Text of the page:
Teenagers Using E-Cigarettes More Likely to Become Users of Combustible Tobacco: US Study

Teenager E-Cigarette

A recent study conducted by Adam Leventhal from Keck Medical School of the University of Southern California and his team, reported that teenagers using e-cigarettes are more likely to become users of combustible tobacco.

E-cigarettes or electronic cigarettes are devices that can give a feeling of smoking by delivering nicotine-containing aerosol (which is a heated combination of propylene glycol, water and glycerin). While these devices are assumed to be less harmful than conventional smoking, this study revealed that the users of e-cigarettes are more likely to switch to traditional smoking options such as hookah, cigarettes and cigars.

The study involved tracking 2,530 high school children (9th graders) from ten public schools in Los Angeles who never used combustible tobacco initially, when the study started in 2013. The follow-up assessments were done after six months (spring 2014) and again after 12 months (autumn 2014). At each of these assessments, some students admitted switching to combustible tobacco in the self-assessed surveys.

The numbers were as follows: Out of 222 students who were using e-cigarettes initially, at the 6-month assessment, 31% reported use of traditional smoking options as against 8% of students who were not on e-cigarettes at the start of the study. At the 12-month assessment stage, 25% of e-cigarette users reported starting off on tobacco-based smoking as against 9% of e-cigarette non-users.

These outcomes proved that using e-cigarettes or ‘vaping’ increases the risk of starting off on combustible tobacco use during adolescence which in turn could lead to smoking related health risks which could reach epidemic levels, warned the report. While this study does not have any conclusive evidence linking vaping to traditional tobacco use, it definitely throws light on the increased possibility of such a situation.

Many experts opined that 14-year-old children need not use any product. Hence, this study reiterates the need for appropriate action that protects young children and decreases the demand for e-cigarettes, commented Dr Nancy Rigotti from Massachusetts General Hospital. Dr Nora Volkow, director of the National Institute of Drug Abuse, opined that this study reiterates the fact that we need to be vigilant of teen smoking patterns considering its ill-effects and addictive capabilities.

An interesting statistic regarding smoking is that e-cigarettes’ usage among American adolescents increased to 13.4% in 2014 from 4.5% in 2013, as per the Center for Disease Control and Prevention. During the same period traditional cigarette usage decreased from 12.7% to 9.2%.

UK Health Officials Advocate Prescription of E-cigarettes for Smokers to Quit the Habit

Health officials in the UK advocated the prescription of e-cigarettes to enable smokers to quit the habit.

The study which was commissioned and authorized by Public Health England found ‘vaping’ E-cigarettes or puffing an electronic cigarette was an effective way to push smokers to kick the habit. The battery-powered E-cigarettes were reportedly 95% safer than conventional tobacco-filled cigarettes and could be a ‘game changer’ in the realm of public health in the country, said Professor Ann McNeill from King’s College London who co-authored the government-backed study.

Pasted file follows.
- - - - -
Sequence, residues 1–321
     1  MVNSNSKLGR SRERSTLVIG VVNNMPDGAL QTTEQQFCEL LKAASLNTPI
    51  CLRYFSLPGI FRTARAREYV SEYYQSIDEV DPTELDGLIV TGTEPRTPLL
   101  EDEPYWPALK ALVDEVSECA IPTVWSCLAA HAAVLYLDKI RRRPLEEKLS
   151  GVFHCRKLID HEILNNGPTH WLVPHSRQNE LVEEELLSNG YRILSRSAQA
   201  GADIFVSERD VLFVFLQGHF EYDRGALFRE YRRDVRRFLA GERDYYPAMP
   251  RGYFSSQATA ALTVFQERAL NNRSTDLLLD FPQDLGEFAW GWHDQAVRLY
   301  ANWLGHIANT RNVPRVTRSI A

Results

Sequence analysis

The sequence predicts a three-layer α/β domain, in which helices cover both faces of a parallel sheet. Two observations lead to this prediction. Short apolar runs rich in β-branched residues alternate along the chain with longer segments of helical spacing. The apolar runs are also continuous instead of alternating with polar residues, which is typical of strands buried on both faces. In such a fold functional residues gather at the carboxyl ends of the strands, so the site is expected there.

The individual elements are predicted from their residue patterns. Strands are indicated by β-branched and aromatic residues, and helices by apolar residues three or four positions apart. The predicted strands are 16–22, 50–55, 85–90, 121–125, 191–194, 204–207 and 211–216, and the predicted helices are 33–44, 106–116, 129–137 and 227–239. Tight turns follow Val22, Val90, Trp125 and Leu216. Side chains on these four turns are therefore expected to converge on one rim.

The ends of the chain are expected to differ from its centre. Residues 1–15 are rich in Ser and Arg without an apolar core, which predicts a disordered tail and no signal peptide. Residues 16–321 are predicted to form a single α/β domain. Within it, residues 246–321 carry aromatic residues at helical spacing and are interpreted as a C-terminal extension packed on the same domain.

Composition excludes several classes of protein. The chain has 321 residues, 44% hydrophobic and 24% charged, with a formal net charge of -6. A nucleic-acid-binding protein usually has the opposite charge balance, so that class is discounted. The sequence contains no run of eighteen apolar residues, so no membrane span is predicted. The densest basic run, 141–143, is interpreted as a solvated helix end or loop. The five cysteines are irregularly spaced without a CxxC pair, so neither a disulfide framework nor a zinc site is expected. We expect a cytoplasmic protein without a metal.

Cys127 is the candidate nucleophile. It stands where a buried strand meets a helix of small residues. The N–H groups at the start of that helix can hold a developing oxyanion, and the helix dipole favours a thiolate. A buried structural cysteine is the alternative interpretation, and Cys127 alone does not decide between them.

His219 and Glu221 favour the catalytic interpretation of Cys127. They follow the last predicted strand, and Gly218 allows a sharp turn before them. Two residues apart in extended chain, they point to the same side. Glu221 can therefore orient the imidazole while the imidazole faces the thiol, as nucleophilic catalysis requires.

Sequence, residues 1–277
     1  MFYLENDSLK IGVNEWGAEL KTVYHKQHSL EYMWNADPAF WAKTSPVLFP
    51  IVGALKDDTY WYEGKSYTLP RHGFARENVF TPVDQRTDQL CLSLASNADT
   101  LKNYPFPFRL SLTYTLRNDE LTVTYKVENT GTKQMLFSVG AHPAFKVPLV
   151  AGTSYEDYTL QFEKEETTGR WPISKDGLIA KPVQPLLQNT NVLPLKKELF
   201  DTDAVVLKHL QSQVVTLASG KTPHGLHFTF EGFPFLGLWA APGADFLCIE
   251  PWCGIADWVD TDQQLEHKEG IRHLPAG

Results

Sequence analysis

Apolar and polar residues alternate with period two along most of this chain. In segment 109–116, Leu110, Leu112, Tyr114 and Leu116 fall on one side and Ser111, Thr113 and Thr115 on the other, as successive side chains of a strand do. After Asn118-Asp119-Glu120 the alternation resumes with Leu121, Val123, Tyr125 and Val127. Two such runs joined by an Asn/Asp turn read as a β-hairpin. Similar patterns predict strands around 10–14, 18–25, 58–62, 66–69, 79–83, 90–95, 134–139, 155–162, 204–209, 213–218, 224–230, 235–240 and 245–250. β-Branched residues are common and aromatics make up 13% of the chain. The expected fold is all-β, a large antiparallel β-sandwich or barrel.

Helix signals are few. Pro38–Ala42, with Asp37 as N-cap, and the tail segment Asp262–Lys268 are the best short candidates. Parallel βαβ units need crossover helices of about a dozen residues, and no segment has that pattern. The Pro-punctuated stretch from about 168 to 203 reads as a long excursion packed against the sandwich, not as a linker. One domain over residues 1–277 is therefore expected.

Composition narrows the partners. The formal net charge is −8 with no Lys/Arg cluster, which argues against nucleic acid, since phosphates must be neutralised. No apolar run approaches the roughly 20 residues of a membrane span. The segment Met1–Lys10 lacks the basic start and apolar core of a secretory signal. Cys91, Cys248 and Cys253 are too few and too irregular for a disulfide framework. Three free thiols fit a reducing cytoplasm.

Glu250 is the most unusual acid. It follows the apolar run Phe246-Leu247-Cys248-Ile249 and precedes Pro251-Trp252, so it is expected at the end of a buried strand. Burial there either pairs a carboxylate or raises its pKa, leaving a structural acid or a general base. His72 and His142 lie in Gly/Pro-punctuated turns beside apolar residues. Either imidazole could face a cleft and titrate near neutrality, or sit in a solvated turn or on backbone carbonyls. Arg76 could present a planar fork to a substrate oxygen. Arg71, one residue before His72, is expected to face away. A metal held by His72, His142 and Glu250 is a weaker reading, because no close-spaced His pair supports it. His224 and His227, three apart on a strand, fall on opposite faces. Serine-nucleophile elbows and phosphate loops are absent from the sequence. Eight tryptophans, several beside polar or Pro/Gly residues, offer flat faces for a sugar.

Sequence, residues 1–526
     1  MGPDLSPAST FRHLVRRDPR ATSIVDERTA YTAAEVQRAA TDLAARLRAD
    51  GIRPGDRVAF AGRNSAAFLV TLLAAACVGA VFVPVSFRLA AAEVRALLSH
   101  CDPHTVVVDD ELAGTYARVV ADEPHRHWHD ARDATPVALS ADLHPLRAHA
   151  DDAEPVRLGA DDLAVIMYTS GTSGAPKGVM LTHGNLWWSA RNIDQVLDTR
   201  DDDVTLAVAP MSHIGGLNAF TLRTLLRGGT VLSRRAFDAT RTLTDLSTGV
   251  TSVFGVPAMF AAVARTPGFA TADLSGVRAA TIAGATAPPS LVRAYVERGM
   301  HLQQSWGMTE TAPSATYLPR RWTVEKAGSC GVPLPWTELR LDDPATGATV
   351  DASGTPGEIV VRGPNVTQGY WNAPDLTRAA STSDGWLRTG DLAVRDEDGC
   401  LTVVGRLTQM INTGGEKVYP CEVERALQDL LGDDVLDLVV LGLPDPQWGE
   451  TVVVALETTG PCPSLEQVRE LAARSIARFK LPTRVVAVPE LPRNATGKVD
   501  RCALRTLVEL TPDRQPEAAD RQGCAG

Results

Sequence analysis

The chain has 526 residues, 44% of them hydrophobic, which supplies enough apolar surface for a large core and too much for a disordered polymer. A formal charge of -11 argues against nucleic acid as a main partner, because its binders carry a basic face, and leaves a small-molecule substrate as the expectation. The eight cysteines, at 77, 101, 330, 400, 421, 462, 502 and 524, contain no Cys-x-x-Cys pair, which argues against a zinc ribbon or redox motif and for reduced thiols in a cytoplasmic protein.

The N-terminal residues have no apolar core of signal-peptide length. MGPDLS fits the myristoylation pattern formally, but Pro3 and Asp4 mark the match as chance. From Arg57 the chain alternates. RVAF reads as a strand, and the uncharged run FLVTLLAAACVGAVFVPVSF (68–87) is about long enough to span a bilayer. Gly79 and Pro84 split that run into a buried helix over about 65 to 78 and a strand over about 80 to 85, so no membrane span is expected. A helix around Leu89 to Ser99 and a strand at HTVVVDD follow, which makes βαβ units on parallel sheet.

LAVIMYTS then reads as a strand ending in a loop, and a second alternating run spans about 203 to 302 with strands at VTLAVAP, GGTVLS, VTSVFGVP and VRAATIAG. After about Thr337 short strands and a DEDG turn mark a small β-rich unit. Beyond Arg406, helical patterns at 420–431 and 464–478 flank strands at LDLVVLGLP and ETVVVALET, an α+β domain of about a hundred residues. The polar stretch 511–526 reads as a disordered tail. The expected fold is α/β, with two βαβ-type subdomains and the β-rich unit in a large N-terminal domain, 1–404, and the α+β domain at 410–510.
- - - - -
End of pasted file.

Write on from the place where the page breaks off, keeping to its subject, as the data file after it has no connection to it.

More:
Smoking is a deadly killer and the main cause of preventable fatalities, accounting for more than 80,000 deaths annually in the UK and vaping could be of great help to deter this onslaught. A little less than one out of every 5 people in the UK smokes. Smoking is a dangerous killer and quitting the habit is the best thing to happen for any smoker, said the director of health and well-being in PHE, Kevin Fenton.

Although e-cigarettes are not completely risk free from the negative effects of nicotine, in comparison to the effects of traditional cigarettes, the risk is a mere fraction. Only 2.6 million out of the 8 million smokers in the UK take the vaping route. It is yet to gain popularity, mainly because the devices are not licensed either by National Institute for Health and Care Excellence (NICE) or by the Medicines and Health products Regulatory Agency (MHRA). This means the doctors cannot prescribe nor recommend the devices for the smokers.

The PHE-commissioned study found that e-cigarettes do not cause as much harm as conventional cigarettes, which means that if smokers can switch to vaping from puffing, the risks associated with smoking is almost totally removed. So, say the officials from PHE, it is imperative that e-cigarettes be made available on NHS despite conflicting reports about their safety. If all smokers switched to e-cigarettes, about 75,000 lives could be saved annually, claimed the PHE report. The PHE’s goal is to ensure the first non-smoking generation is reached by the year 2025.

Again, quite contrary to public perception, there is no evidence to show that e-cigarettes were the first step in picking up the smoking habit by non-smokers and children. However, another very recent study conducted in the US for high school students in California found that the children and non-smokers who started off with e-cigarettes were more likely to try the traditional form of smoking too.